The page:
Lessons (2)

Nin ran blindly through the fog, away from the meadow and the foxes and their den. He ran so far and so fast that he became hopelessly lost, in the fog he could not tell up from down, left from right.

Thus he felt himself fortunate when, by chance, he stumbled across a cave, hidden under the side of a cliff. Nin crept inside—the cave was very large and very deep, and the fog was thick here, too.

And as he cowered in that cave Nin suddenly realized that he was not alone, there was another rabbit there beside him, a rabbit he did not know.

But the other rabbit calmly introduced himself to Nin, claiming that he was, in fact, Nin’s godfather and benefactor.

Nin thought this odd, as he had never seen this rabbit before in his life. But the mysterious rabbit seemed to know him well. He whispered secrets that only Nin knew, he recounted stories of Nin’s childhood, he knew things that only a confidant would know.

The fog shifted strangely. “I have watched you from the time you were a mere kit, my young prince,” said the rabbit.

Still, Nin could not shake the feeling that there was something off about this mysterious rabbit.

Then the rabbit said something incredible: “You are a prince, take your throne and become a king. On the day of your birth it was foretold as such. That you would become a great warrior-king. Be my ambassador to the world. Do this thing and you will be rewarded greatly.”

The mysterious rabbit summoned his three daughters and presented them to Nin, their forms dancing in the haze.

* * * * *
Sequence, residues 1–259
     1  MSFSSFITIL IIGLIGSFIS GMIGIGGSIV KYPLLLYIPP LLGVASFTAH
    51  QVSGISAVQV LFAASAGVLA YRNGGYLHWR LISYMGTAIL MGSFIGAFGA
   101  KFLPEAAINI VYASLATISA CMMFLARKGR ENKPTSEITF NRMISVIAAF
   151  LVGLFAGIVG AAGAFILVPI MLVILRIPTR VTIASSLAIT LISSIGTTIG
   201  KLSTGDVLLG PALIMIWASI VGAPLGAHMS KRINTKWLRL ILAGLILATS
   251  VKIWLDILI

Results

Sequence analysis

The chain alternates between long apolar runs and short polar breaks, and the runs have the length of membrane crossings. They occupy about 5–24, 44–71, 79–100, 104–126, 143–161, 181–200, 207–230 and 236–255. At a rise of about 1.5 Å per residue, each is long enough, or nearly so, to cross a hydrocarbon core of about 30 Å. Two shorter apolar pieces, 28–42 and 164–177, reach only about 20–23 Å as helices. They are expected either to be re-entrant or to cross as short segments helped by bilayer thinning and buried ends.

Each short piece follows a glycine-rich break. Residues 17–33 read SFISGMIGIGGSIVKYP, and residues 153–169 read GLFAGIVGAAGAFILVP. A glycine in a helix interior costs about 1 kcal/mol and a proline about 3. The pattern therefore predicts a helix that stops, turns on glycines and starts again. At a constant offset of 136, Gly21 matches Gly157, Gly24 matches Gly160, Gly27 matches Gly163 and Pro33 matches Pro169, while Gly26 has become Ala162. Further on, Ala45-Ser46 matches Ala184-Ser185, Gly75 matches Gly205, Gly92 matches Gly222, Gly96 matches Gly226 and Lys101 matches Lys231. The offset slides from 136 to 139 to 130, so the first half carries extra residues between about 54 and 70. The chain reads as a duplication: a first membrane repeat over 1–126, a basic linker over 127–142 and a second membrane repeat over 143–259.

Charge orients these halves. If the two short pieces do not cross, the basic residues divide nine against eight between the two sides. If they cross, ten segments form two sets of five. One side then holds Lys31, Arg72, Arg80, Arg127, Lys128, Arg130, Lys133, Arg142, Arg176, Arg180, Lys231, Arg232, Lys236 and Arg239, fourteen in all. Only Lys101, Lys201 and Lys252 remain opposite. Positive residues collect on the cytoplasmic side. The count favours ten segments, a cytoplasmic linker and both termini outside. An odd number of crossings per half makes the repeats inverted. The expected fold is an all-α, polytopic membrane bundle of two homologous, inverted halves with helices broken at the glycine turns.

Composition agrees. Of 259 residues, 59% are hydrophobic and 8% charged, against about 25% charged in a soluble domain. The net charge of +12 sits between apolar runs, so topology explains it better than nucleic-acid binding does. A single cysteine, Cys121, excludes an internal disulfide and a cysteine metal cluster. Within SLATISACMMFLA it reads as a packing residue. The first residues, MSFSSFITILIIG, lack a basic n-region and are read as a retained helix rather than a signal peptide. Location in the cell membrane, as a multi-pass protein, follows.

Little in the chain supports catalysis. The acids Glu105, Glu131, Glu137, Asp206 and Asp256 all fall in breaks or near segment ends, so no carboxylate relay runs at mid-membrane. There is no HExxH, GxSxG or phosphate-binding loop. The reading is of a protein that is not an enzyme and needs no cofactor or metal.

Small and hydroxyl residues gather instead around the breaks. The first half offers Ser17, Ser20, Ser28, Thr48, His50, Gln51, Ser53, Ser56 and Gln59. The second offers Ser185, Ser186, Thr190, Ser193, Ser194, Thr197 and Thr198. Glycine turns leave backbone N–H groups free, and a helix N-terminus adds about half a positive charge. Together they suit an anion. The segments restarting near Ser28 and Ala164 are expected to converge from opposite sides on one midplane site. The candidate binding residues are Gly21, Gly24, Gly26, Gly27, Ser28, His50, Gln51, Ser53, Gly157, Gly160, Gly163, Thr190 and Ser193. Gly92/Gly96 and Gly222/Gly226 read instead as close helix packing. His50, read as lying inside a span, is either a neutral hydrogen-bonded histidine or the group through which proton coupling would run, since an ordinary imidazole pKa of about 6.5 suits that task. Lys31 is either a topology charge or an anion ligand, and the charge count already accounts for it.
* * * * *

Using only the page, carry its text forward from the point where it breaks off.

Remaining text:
“Choose one, or more,” said the mysterious rabbit, “to be your queen or concubine, oh my great warrior-king of all rabbits.”

At first the young prince was excited, and curious. In the dim light of the cave, the three daughters seemed very beautiful.

But then Nin looked closer and saw that the first daughter was very old. She was thin and slumped over, the lights in her eyes had faded long ago, replaced by cloudy cataracts. Nin turned away from her.

The second daughter was very sick. Her ears were thick with ticks, her fur swam with lice. Her nose was wet and her eyes leaked a thin fluid. Nin turned away from her as well.

Nin approached the third daughter timidly, terrified of what he might find. But he found her to be perfect in every way. Her fur was immaculate, her ears were perfectly straight, her tail was bushy, her legs were lean and her eyes were shaped like two perfect almonds.

But when he went to touch her paw he found that the third daughter was dead—stuffed and mounted. Nin drew back in fright.

Nin realized this mysterious rabbit—this demon—its domain was sickness, old age and death. And as he realized these things, he wondered how he might find the way out of this dark domain.

“I don’t want this,” said Nin. “I don’t want women or power or glory.”

“What do you want?” asked the demon. “What desires lurk deep within your heart? What is the beating that drives you onward?”

“I don’t want anything,” said Nin simply. “I have the truth and the truth is enough. All else will follow, if one has truth.”

And the demon laughed and laughed and his laughter filled the cavern. It reverberated off the walls of the cave and deep into the pit.